Don't be deceived by my appearance. Even though I'm at an age (going on 55!) when most veteran teachers are considering early retirement, and have long since mastered techniques of classroom management, I've really only got eight and a half years of full-time general music teaching under my belt. And especially when an administrator makes a face at the noise-level of what's happening in the music room, or chides me for not having 100% of the children listening to every word I say, or for not having multiple ways of presenting a lesson so as to reach diverse learners who clearly aren't getting it because they keep banging on that damned drum instead of paying attention, I'm going to try and accommodate those concerns. But when I do, it's at the expense of the children who just need to move, to make a noise, to express themselves in ways that are disruptive in a general classroom, but if properly channeled, can actually enhance their experience in the music room.

Thom spoke about how every lesson needs to have a "gem," an Easter egg that makes it special to children: a moment of silliness, a twist in the choreography, a surprise buried in the song that makes them smile. For me, the gem of his workshop was this teaching about engagement. Plugging it into my personal educational credo, I've got a goal for as many more years as I'm able to practice this discipline: to engage all my students as musically as I can when I'm telling them a story.

Thanks, Thom.

Sunday, February 21, 2016

Originalism Isn't Just about the Constitution

Supreme Court Justice Antonin Scalia attending a Red Mass in 2012.

Antonin Scalia died a week ago, and the repercussions of his passing have only just begun to play out.

Our historically unproductive Senate announced immediately that it but hold true to form on the appointment of any nominee President Obama might put forward: it would refuse to act, preferring instead to leave the seat vacant for over a year, in hopes that the next President will be Republican, and appoint another hardshell conservative.

The President, on the other hand, stated plainly that he will put forward a highly qualified nominee, and he expects the Senate to fulfill its Constitutional duty of advising and casting a vote on that nominee.

Meanwhile, across America there has been a full spectrum of reactions, from sheer delight on the left to cries of conspiracy and even accusations of murder on the right. In the press, legal scholars have weighed in on Scalia's significance from a host of perspectives, and in particular, on his doctrine of "originalism": the interpretation of the Constitution as essentially a dead letter, a document that should only mean what its writers intended it to mean. I'm not a legal scholar, but from what I've heard, it doesn't take one to know that Scalia used this doctrine only when it suited him, using it to hammer against opinions he disliked, while ignoring it when it stood in the way of making George W. Bush President.

But I'm not here to write about Scalia's hypocrisy, or to attempt to interpret his often virulent influence on the recent history of the United States. As I said, I'm not a legal scholar. I've got an amateur, at best, understanding and appreciation of the law, though I do enjoy debating the meaning of the Constitution when it comes to the Bill of Rights.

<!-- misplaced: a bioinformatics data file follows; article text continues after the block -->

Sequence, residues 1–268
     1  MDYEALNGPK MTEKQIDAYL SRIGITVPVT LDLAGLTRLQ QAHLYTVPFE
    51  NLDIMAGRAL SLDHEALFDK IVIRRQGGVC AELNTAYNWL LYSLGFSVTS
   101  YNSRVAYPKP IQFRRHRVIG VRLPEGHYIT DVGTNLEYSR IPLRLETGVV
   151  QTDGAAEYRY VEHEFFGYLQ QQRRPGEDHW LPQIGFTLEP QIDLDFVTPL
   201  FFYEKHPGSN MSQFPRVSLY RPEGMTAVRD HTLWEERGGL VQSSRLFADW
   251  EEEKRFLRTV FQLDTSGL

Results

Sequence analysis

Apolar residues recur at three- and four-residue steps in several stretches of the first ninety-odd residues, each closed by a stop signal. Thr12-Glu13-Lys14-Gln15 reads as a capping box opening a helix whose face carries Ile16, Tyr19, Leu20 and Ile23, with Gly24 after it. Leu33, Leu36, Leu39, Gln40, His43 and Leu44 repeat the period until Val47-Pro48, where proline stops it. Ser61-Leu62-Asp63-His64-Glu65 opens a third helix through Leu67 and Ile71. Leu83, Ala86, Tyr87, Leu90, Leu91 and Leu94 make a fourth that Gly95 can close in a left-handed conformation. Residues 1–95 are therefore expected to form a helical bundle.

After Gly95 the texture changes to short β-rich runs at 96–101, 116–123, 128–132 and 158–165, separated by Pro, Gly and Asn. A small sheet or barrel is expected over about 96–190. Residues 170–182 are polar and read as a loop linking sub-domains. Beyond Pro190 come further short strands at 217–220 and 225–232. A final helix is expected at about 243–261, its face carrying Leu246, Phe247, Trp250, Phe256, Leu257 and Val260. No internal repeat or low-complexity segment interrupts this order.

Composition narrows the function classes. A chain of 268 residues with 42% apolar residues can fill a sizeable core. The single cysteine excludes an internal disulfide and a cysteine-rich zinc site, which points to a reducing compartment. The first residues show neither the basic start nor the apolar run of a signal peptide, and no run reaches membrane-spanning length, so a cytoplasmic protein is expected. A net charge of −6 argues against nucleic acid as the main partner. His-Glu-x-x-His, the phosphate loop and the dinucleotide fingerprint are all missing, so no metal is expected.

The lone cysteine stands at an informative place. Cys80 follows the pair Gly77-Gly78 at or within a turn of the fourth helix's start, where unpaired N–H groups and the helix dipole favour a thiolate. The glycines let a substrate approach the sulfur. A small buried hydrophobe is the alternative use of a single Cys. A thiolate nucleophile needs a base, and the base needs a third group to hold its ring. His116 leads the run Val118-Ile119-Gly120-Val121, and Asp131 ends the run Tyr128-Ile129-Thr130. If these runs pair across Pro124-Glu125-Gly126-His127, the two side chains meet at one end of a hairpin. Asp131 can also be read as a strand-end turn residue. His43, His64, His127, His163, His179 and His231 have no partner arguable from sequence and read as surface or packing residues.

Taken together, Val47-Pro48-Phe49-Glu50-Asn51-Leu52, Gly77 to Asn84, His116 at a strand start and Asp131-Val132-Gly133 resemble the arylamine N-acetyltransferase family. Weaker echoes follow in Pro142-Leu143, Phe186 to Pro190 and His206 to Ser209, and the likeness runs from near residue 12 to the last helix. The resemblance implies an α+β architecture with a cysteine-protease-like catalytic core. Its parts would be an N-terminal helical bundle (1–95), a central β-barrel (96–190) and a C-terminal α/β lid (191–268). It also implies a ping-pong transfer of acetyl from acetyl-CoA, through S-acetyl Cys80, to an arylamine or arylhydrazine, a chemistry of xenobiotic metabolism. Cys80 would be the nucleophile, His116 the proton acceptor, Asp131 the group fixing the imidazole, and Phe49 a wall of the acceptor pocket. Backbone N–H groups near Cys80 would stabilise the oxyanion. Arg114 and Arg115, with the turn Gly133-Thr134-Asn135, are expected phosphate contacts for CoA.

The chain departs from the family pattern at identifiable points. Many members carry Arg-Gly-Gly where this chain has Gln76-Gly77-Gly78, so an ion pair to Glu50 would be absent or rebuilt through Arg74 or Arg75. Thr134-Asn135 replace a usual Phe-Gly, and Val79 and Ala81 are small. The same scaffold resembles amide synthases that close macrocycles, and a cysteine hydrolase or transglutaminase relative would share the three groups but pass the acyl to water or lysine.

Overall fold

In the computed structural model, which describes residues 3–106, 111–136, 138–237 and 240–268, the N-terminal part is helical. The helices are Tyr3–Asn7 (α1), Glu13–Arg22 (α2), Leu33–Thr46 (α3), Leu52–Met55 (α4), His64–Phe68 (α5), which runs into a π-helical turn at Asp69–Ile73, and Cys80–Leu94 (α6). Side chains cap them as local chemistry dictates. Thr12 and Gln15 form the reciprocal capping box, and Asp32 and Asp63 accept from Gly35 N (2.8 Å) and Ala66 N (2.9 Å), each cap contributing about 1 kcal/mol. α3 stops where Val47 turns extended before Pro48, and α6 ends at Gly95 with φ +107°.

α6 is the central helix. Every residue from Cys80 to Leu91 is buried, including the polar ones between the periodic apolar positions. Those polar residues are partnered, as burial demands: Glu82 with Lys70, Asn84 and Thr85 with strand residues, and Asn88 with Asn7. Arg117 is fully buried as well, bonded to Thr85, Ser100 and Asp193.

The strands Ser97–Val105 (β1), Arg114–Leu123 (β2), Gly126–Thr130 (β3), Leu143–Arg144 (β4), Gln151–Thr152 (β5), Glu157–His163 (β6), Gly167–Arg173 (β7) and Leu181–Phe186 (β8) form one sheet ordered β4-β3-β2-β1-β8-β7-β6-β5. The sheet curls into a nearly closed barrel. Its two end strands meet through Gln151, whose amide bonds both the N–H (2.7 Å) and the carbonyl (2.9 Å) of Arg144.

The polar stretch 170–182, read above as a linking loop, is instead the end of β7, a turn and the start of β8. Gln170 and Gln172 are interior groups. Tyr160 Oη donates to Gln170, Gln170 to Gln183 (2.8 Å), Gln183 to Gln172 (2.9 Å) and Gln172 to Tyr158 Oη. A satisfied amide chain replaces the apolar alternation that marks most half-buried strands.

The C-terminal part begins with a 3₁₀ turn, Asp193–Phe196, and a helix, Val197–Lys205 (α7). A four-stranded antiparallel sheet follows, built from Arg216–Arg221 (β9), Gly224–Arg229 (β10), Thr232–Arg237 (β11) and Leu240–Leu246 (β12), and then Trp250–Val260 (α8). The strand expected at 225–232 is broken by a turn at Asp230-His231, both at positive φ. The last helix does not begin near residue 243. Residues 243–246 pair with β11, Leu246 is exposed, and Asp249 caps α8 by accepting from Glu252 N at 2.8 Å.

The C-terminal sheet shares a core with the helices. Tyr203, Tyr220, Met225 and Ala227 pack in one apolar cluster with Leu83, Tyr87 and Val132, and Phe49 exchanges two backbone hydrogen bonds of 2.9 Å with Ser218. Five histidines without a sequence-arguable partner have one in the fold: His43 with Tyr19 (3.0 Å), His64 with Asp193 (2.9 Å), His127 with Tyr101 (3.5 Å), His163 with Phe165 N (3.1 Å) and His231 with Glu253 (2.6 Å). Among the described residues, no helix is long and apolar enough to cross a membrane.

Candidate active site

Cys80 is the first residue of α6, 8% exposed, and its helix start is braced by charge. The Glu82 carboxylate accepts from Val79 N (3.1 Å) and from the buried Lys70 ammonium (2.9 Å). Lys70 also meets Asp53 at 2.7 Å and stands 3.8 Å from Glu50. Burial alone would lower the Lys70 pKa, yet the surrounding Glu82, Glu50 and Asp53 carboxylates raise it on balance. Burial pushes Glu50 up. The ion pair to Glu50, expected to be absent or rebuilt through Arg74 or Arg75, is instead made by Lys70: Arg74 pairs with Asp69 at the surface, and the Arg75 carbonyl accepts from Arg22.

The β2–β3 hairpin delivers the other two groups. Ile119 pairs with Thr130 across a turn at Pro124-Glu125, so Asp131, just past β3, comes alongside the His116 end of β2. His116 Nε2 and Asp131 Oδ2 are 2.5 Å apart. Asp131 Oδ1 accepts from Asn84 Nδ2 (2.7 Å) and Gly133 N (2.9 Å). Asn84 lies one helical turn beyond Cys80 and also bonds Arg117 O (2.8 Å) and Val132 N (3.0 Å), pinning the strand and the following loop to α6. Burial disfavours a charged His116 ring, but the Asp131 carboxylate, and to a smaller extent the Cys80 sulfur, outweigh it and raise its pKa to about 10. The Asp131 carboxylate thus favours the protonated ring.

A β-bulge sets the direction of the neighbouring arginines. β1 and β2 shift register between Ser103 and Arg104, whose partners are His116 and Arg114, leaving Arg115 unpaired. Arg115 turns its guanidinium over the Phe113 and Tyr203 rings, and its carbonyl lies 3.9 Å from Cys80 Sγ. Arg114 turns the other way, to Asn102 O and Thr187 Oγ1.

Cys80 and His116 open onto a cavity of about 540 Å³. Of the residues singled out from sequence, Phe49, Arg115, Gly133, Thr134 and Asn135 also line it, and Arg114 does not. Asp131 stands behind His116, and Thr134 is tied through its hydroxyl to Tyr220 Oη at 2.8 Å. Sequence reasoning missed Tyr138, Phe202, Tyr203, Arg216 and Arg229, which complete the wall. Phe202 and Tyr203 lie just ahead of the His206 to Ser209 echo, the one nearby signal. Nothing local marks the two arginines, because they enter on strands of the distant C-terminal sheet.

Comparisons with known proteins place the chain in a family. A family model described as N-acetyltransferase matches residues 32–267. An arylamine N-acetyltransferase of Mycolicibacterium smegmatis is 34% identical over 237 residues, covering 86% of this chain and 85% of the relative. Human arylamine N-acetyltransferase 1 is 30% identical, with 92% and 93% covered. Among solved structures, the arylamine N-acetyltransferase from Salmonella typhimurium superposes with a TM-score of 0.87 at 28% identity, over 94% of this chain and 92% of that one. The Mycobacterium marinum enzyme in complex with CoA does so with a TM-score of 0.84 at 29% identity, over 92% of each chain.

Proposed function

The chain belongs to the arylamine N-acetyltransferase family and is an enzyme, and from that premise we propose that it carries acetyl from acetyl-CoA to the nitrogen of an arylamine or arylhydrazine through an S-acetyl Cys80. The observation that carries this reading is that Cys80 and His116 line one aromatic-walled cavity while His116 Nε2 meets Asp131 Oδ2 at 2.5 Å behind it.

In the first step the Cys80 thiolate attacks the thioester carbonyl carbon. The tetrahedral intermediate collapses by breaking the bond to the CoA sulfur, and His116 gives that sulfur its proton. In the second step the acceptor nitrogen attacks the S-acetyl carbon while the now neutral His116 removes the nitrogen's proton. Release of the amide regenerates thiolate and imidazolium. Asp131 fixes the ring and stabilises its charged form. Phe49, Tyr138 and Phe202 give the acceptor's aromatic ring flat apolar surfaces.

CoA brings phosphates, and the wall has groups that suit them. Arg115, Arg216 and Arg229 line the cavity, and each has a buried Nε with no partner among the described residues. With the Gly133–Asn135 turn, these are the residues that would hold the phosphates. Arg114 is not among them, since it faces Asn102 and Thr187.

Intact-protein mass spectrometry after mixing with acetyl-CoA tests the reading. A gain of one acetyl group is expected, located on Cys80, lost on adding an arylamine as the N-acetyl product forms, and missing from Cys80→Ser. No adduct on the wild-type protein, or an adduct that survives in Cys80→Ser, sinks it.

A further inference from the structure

With that said, I do have a deep appreciation for the principle of originalism, though I come by it from two other disciplines I've studied in far greater depth: musicology and Biblical criticism.

Originalism is in play whenever a classically trained musician begins to interpret a score. That's true whether the musician is a solo pianist or the conductor of a symphony orchestra. Whatever the performer's instrument or ensemble, it is his or her task to play or sing, as nearly as possible, exactly what the composer had in mind. In the case of music composed since the mid-to-late 19th century, the performer is aided by a sophisticated system of notation that conveys every nuance of tempo, articulation, and volume. This doesn't rule out the possibility of individual expression for the performer, but it does mean that any deviation from the composer's intent is made by choice, not accident.

As I intimated above, this system of notation was largely standardized by the late 1800s. Work your way back before that, and the farther you go, the harder it is to decide precisely what the composer intended. This means that performers of early music--music written before the classical era (which began around 1750)--have to also be historians. The farther back one goes, the more the question of original intent is open to interpretation, and debates over that intent can become quite heated. If one is a conductor of a church choir in a progressive denomination, one has the added challenge of deciding whether inclusifying a sexist text is violating the composer's intention.

One might think that this musical originalism has been around for some time, but in fact, it only really emerged in the mid-twentieth century. Prior to that time, performers and conductors took great liberties with classic works of music. I have a fond memory of listening to a 78 rpm album--there were at least a dozen disks--my mother had of Leopold Stokowski conducting Handel's Messiah. I think it was my junior year of college, so I was studying music history at the time. The recording featured a huge orchestra and an enormous chorus, and to my ears, it felt far too rich for the material. What really blew me away was the moment in the "Hallelujah" chorus when a single trumpet plays a descending run of five pitches, a lovely modulation that always makes me sigh. In the Stokowski version, it was an entire trumpet section, sounding as if they were heralding the arrival of the apocalypse.